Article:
MamaBlogger365 – Mommy Queerest by Kimberly Dark

Always Let ‘Em See You Cry

My son, like a lot of men, doesn’t cry easily. On rare occasion, he does it though. Things affect him deeply and I’m grateful for that. It’s not big news that by the time a boy becomes a man, the tears don’t come as easy as they do for most women. Crying is not the only way to signal deep feeling, but it’s one way. Letting others see you cry is vulnerable – it can make the pain feel worse to have it witnessed. Sometimes, if we make conscious connections with other openhearted folks, witness eases pain.

Last month, when I attended the Butch Voices conference in Oakland, CA, I was reminded of the gendered patterns in how we show emotion. This is complicated business for a group of folks who live outside the traditional boundaries of gender – for those who make gender differently. Suddenly, there’s no model and that can be a scary great thing. That’s why folks come together, I think. They create and try on and work out ways of being in community – a community of conscious witness. I am not a person who expresses gender in a way that disturbs convention (well, not in a “butch” way at least). I attended that conference as an ally – butch women are my family after all: my lovers, partners and co-parents.

Sharon Bridgforth was one of the conference keynote speakers and her presentation stays with me. Part poetic, part self-revelatory – she brought up many tears in the audience. The timing for these tears was perfect. Of course, it’s always a good time for self-revelation and Bridgforth is a gifted educator in part because she reveals what’s important to her. It’s no small act. More than that, however, some of the folks at Butch Voices were feeling conflict over the mission, vision and values of the group, the way people treat one another. Bridgforth reminded the audience that love is the answer to every question. People felt this simple truth. And many of them cried.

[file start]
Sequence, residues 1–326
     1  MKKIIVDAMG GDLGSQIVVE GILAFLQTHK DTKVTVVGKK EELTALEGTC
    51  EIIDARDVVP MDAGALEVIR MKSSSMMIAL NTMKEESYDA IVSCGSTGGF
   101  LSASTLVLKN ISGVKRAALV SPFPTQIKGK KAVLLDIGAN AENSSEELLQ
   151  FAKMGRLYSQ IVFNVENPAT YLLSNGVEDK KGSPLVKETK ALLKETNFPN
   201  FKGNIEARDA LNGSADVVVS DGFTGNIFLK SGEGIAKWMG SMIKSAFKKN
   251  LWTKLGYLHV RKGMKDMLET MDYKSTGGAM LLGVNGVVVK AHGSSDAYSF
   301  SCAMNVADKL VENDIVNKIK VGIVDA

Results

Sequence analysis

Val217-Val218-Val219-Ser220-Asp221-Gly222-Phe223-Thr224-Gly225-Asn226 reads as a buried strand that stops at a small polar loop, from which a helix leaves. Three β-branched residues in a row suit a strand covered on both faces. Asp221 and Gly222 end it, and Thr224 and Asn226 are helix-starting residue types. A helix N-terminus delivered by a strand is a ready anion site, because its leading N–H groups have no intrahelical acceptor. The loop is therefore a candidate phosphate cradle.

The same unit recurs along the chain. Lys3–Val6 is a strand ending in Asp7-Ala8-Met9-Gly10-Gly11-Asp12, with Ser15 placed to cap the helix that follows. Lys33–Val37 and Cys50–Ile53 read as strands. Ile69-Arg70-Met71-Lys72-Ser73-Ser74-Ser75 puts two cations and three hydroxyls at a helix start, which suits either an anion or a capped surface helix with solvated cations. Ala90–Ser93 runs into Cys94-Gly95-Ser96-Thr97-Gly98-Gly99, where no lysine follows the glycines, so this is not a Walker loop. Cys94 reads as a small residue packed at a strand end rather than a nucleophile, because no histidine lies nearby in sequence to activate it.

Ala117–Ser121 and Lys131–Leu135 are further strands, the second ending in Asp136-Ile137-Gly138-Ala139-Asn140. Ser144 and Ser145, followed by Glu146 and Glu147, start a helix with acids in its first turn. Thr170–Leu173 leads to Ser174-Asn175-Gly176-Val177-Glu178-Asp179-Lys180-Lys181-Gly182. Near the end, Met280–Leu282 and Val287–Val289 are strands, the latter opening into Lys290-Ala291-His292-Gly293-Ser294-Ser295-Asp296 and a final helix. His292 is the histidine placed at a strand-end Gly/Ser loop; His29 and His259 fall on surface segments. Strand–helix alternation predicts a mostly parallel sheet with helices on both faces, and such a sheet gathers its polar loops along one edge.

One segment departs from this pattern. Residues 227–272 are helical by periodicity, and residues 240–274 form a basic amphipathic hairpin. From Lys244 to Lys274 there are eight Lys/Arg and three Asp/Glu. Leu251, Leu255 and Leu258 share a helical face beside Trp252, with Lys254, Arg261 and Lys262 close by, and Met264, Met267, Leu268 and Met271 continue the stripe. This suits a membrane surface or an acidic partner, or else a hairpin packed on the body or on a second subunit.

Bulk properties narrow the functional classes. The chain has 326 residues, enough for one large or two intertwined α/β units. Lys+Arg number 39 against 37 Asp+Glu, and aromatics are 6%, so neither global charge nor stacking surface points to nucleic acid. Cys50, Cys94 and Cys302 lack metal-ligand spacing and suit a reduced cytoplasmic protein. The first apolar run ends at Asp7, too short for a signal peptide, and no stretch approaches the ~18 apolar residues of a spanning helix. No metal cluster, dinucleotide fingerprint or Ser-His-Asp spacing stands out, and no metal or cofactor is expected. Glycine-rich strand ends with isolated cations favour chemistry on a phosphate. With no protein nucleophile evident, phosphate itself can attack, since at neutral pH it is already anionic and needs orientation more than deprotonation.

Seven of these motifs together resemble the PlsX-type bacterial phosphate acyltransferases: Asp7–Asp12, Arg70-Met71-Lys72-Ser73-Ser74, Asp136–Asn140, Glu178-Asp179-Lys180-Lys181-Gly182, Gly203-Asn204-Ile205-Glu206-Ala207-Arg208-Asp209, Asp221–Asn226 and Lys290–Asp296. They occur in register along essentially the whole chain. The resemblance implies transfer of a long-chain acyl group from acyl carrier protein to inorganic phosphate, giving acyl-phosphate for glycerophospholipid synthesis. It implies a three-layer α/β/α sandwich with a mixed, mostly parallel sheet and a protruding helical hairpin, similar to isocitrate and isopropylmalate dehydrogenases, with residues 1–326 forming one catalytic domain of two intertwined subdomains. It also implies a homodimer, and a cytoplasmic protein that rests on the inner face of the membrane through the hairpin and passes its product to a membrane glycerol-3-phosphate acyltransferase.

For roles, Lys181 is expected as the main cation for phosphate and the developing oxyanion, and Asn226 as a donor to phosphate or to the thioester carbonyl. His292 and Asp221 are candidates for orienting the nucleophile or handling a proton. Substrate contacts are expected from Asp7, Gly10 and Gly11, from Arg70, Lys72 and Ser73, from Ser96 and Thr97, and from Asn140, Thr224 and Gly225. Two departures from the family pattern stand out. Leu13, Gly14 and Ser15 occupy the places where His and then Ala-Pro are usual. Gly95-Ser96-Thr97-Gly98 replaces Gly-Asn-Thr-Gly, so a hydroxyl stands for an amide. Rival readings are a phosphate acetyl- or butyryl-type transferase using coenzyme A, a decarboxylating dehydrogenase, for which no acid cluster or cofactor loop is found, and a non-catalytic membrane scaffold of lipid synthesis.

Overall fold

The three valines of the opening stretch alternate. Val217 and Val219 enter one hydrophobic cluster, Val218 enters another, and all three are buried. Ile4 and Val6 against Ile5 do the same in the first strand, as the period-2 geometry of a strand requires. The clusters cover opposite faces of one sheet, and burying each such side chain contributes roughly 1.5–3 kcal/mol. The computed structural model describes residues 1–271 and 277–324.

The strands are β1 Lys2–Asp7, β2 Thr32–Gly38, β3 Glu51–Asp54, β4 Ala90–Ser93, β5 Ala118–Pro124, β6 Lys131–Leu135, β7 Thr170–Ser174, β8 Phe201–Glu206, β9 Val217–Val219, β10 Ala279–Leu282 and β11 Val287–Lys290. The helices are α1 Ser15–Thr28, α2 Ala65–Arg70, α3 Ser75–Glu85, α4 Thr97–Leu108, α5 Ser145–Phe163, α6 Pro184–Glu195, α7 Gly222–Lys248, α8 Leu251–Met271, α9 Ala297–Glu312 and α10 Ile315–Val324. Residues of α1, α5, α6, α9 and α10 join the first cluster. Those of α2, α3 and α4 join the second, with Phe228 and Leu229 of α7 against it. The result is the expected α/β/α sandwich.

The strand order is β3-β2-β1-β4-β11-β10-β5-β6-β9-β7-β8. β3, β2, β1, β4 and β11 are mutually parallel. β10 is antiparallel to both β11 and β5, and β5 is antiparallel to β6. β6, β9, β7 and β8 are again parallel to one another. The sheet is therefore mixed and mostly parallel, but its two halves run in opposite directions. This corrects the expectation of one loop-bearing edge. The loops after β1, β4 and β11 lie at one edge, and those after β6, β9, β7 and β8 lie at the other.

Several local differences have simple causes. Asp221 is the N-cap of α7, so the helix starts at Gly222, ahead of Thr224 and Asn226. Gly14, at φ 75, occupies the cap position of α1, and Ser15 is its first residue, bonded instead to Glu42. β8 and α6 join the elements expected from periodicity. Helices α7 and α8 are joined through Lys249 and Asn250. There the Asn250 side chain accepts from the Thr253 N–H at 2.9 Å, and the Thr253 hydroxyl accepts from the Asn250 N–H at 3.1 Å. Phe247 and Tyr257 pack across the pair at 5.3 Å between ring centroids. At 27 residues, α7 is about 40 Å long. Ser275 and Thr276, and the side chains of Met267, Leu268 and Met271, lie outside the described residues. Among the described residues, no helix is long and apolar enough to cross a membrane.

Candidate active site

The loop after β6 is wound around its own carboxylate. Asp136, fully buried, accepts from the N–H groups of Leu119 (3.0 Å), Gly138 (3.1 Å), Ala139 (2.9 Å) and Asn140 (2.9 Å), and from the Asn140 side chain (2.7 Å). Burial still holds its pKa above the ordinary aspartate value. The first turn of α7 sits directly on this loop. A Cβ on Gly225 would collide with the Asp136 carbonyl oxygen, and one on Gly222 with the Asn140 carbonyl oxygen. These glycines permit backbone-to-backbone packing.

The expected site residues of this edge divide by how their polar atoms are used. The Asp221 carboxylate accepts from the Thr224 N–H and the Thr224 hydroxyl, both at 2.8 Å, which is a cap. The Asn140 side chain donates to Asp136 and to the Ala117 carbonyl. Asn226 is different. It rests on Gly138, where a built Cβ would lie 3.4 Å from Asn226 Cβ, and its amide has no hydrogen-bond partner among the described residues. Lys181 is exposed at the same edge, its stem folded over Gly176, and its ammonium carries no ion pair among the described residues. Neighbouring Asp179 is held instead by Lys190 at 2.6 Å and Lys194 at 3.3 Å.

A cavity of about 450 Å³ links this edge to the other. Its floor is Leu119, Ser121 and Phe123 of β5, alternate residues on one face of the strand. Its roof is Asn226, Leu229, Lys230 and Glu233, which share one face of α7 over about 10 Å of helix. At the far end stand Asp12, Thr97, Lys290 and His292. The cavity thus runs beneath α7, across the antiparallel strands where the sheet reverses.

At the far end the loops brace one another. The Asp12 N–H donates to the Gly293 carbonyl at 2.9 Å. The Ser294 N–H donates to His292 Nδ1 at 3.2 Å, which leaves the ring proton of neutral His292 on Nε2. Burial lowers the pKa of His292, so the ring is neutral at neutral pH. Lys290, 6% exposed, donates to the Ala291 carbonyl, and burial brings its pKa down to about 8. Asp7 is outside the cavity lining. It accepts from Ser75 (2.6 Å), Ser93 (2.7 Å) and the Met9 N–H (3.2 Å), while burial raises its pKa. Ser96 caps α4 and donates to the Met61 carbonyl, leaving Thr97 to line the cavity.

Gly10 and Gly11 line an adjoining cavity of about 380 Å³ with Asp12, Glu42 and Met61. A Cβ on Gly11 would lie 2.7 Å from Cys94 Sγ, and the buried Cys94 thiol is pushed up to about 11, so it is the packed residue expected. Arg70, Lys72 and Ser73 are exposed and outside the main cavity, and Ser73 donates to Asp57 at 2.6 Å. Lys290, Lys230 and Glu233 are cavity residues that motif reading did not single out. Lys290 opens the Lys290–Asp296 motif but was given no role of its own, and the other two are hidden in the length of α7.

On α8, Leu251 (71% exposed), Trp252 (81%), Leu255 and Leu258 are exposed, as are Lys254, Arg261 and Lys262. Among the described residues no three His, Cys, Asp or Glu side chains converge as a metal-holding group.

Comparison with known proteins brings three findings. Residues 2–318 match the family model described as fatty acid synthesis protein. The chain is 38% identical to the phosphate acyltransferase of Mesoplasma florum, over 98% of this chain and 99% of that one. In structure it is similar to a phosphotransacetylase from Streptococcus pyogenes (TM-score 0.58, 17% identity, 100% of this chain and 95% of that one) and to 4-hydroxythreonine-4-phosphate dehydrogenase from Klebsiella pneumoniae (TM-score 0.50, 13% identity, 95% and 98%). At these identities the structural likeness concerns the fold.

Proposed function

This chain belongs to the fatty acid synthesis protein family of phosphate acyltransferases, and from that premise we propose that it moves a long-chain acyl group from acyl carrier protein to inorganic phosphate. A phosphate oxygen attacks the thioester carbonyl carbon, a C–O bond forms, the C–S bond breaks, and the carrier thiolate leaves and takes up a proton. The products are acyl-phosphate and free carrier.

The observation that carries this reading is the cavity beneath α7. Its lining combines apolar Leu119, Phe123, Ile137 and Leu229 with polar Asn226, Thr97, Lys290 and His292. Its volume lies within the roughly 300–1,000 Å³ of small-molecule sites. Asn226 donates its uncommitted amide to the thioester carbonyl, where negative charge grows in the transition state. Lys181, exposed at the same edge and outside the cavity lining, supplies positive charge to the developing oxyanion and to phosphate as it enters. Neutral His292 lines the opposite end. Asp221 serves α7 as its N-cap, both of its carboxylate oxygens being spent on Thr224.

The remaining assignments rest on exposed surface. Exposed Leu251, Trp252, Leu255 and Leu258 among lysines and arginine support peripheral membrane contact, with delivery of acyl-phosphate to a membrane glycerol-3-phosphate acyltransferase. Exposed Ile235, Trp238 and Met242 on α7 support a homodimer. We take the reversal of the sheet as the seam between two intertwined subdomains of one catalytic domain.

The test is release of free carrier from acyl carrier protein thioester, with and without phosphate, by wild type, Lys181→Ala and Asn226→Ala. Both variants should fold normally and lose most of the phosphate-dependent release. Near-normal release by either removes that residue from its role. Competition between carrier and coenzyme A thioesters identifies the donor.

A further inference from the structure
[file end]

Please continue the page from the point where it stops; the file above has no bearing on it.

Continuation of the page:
She also reminded the audience that how we are in small moments speaks of how we are in the world. Indeed, this is what keeps me practicing skills I will never master. This is what keeps me bumbling along in full view of my son and those I care about. I don’t hope to be a role model as much as I hope to be a movement model. There are challenges to my integrity all the time and many of them can be addressed by my ability to move off of my precious position – to reframe what I think and what I will say and do as a result.

When it come to parenting – just as with building community – it’s important to let ‘em see you cry. It’s an ironic topic in the context of Butch Voices, since most tough folks (masculine or not) have been socialized not to cry. I respect every tear I saw at Butch Voices all the more for that reason. There’s a parallel challenge, I think, in letting tears into the room when parenting a boy child, too. We have to consciously reframe tears as a show of emotion – nothing more. Whether it’s my tears or my son’s tears, we’re involved in a gendered story. We need unlearn the rehearsed stories of crying: that it’s a weakness, a manipulation, something to be fixed, shameful, etc. When we put those interpretations aside, we’re just left with an understanding of what’s important to one another. And that’s something we can work with.